Almost none of that remained in the country, however. "99 percent goes outside," says CREIA secretary general Li Junfeng. "The local market is very limited because [PV] is too expensive."

Around 80 megawatts of solar photovoltaics are used in the country, cropping up on light poles in cities like Rizhao in Shandong province or even the roofs of office buildings that hold solar technology companies, like Beijing Solar Energy Research Institute's headquarters in the capital city. And China has become the world's leading proponent of solar heating technology, which provides hot water everywhere from Beijing airport's new Terminal 3 to a village inn in Yunnan Province, because it is as cheap as the alternatives.

Still, says Greenpeace's Liu, "It's a waste of all the production in China. It doesn't make sense."

And all of that production means that China is bearing the burden of the pollution that can go along with the manufacture of such renewable energy for other countries—whether the acid rain–forming sulfur dioxide emitted from making the steel in a wind turbine's blade or the noxious chemicals left over after manufacturing specialized silicon, or glass, that can turn sunshine into electricity. "To stop global warming, it's not an excuse to destroy the local environment," says Greenpeace's Liu. "Producing photovoltaics must have strong controls on chemicals."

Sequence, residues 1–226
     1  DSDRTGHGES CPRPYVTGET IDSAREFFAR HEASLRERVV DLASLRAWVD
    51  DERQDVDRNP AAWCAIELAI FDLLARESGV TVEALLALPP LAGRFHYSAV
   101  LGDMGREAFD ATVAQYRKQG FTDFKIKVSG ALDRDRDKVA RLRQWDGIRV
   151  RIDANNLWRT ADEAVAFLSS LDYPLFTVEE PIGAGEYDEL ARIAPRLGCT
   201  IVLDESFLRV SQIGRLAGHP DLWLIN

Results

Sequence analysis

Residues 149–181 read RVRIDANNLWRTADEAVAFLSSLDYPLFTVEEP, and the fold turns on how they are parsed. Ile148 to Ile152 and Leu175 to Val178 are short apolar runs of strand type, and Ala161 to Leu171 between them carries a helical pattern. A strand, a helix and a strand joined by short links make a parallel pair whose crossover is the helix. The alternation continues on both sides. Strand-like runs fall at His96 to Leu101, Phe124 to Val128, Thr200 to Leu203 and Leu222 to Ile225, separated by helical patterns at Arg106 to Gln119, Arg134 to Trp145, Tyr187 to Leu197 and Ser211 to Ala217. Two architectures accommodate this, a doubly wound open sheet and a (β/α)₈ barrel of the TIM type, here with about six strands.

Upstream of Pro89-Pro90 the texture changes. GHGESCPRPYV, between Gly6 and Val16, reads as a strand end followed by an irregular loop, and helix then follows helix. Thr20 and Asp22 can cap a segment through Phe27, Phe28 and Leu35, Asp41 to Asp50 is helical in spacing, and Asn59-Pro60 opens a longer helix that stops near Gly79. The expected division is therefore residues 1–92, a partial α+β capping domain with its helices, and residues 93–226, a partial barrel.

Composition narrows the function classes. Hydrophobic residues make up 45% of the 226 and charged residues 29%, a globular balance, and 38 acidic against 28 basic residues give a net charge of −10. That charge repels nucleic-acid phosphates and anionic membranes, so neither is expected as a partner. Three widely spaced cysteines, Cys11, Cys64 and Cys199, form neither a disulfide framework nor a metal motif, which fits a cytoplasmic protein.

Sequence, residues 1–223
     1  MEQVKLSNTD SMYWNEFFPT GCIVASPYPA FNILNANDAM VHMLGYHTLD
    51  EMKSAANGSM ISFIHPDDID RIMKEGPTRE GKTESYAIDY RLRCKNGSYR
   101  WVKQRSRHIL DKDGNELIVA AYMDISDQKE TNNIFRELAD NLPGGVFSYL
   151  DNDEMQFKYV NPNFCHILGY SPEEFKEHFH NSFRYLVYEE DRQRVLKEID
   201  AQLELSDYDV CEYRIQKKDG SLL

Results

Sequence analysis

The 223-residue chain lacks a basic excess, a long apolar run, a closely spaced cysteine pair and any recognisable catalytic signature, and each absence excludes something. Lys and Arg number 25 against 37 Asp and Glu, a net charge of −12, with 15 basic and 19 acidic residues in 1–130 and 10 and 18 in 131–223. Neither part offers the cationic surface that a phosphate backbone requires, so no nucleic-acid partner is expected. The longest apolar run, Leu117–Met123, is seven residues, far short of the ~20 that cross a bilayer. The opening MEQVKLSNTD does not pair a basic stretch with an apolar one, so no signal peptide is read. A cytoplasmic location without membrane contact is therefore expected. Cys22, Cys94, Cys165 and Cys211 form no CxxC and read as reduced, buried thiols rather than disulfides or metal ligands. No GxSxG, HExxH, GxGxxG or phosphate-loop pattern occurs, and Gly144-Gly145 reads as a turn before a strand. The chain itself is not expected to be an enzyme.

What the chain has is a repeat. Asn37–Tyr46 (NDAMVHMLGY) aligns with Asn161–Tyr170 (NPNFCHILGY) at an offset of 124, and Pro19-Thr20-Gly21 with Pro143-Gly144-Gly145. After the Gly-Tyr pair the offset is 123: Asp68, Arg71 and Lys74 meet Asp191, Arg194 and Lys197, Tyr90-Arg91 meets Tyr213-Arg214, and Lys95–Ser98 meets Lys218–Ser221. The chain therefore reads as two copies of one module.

So that leaves dams as the cleanest, cheapest option for electricity generation in China. And the country is blessed with abundant resources in that area: 400 million kilowatts of potential of which only 110 million kilowatts have been developed, according to government figures. "Within 30 to 50 years, hydro will be the main energy we should rely on," predicts Lai Hun Suen, a professor of sustainable development at Chongqing University and a municipal government official.

Dams accounted for 16 percent of total electricity generation in 2005, thanks to the completion of Da Chao Shan, Gong Bo Xia and Three Gorges dams. But it is a technology that has proven problematic in developed and developing countries—witness the ecological problems brought on by the Three Gorges—and most of the undeveloped locations for hydropower are located in the west of the country while the majority of electricity use is in the east.

Nevertheless, "China will try to rely on hydropower," Lai says. "It is a choice we made when we had no other choice."